Katharina Thanderz Is Anxious for Mandatory Terri Harper Challenge
By Phil Woolever
Those who have watched WBC Interim super-featherweight titlist Katharina Thanderz in action understand that one of her strongest assets is consistency, in either keeping her guard up or maintaining an attack plan.
That consistency has kept her undefeated while leading to a record of 13-0 (2), and helped secure a position as mandatory challenger to “regular” champion Terri Harper, affirmed at the WBC’s recent convention.
The 32-year-old Thanderz, originally from Oslo, Norway now living in Alfaz del Pi, Spain does an excellent job of sticking to her varied, multi-faceted fight strategies and working hard for the full duration of her matches.
She’s actually been geared up to meet Harper (10-0-1, 5 KOs) since last March, after Harper captured the belt from long-reigning Eva Wahlstrom in Sheffield, England.
“Yes, it has been almost a year since my last fight,” Thanderz told The Prizefighters.com. “And yes, my next fight will probably be with Harper. I’ve been training hard all the time, so I’ll be ready!”
Thanderz has a wide smile that she flashes often, but she also has no problem letting the beast out once the bell rings.
Thanderz stayed busy back in 2019 and scored three victories, including an eight round unanimous decision over solid newcomer Rachel Ball. Still, one of those wins was maybe too close for comfort. Her most fight recent fight, last November against Brazil’s Daniela Ramos for the interim belt, was a split decision that could have gone either way.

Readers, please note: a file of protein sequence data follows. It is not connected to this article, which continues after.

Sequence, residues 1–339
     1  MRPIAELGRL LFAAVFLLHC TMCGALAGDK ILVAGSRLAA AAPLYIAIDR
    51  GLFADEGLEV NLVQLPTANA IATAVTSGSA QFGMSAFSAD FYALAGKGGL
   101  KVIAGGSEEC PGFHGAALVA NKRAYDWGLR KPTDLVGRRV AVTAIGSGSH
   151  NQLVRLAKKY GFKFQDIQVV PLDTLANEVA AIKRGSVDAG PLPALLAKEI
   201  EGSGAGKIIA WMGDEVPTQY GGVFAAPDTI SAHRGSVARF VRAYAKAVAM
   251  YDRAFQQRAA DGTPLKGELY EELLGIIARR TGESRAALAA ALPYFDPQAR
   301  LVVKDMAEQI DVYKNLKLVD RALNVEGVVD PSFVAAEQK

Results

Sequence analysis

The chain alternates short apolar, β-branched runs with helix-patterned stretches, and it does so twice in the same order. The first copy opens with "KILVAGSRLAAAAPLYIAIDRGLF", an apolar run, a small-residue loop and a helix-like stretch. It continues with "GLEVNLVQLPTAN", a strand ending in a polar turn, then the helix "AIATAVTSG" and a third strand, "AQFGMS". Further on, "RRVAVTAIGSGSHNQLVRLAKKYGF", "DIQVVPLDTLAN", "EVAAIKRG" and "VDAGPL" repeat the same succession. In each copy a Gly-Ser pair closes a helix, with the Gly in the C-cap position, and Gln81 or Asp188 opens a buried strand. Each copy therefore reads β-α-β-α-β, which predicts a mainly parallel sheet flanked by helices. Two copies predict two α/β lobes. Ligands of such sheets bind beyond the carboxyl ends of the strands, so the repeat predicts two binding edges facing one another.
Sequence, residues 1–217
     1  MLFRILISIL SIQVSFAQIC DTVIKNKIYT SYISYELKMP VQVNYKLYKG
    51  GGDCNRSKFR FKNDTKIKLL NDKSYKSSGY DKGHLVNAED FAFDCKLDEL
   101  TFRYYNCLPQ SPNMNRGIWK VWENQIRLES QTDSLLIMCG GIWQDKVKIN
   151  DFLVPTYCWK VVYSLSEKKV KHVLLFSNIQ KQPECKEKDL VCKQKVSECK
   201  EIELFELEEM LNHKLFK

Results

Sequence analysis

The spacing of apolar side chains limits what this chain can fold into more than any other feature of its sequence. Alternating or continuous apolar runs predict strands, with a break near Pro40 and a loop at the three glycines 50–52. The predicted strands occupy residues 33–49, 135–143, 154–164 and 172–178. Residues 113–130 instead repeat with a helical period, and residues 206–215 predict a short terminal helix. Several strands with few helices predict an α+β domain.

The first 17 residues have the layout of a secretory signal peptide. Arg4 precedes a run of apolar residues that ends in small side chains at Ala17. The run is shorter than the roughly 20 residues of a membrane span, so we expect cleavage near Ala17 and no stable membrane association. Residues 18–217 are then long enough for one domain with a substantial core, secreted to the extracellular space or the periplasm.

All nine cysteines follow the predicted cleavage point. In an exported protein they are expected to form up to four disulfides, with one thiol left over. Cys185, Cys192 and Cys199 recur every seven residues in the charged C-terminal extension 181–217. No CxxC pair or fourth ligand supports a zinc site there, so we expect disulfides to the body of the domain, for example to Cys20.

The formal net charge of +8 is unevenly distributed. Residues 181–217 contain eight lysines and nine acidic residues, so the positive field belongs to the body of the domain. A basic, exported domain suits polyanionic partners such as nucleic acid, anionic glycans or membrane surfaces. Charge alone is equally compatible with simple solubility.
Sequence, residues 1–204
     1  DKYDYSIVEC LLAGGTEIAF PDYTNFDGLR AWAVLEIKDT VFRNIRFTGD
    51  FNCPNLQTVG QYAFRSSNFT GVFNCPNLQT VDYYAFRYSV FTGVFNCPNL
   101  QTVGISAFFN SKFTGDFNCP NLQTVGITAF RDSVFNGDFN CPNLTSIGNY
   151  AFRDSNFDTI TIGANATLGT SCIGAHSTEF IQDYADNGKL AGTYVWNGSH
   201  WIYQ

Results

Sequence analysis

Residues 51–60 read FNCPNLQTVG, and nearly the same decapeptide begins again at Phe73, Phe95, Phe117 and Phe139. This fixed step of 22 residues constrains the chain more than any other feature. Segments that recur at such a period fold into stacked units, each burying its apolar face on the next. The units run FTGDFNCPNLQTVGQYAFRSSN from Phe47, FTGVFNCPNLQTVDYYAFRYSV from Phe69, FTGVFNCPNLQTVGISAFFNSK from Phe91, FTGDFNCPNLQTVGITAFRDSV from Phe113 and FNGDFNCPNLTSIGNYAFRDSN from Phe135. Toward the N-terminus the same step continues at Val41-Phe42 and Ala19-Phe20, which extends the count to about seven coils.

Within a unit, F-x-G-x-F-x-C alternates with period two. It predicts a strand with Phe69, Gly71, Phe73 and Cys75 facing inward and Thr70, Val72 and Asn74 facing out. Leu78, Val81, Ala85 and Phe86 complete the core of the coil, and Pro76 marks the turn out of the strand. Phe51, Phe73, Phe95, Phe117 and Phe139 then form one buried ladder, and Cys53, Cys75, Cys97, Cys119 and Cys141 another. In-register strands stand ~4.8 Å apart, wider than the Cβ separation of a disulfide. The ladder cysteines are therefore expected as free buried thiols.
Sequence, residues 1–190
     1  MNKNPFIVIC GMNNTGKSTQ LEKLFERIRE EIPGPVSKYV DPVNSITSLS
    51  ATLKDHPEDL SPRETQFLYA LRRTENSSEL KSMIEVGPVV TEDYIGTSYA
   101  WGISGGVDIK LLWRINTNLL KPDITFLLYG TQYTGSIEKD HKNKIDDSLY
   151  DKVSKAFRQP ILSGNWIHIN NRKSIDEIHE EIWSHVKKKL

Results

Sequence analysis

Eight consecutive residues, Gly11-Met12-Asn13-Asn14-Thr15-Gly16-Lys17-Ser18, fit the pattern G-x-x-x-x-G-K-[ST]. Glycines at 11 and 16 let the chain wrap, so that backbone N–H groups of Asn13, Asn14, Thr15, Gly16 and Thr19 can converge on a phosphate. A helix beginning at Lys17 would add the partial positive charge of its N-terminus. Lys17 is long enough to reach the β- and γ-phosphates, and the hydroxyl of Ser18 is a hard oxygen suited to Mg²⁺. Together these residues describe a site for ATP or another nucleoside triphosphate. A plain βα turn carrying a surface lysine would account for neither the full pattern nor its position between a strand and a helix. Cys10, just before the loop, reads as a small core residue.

Lockdown in Spain
Thanderz has been fine-tuning her skills throughout the quarantine.
“The lockdown period went much better than expected,” said Thanderz. “Even if it was hard to adapt the mindset the first couple of days. I ended up having a very nice training routine every single day. Spain, where I live, was very strict. So it was police controls all over the place, and it wasn’t even possible to go out and run. I was really glad to have a house with a garden because I could enjoy that sunshine and train outside. I did a lot of Hiit circuits.
“I had a boxing bag in my garden and my coach lives very close by so he came to help me with pad work. I also helped my father a bit at his restaurant with deliveries. This was perfect, because I got a document that allowed me to drive and move around more than others.”
Thanderz stayed productive as the time went by.
“Of course, I’ve used all this time to improve my boxing and I can feel it now when I’m having my sparring sessions. I was back to the gym at the beginning of May when professional athletes were allowed to start normal workouts again. We’ve been able to do sparring, with several girls coming to the place I live, and also some guys we have at the gym. One of the girls I sparred a bit with was Miriam Gutierrez from Madrid, and that was really good.”
Thanderz had also gained experience during two weeks of sparring with Eva Wahlstrom prior to Wahlstrom’s bout against Harper.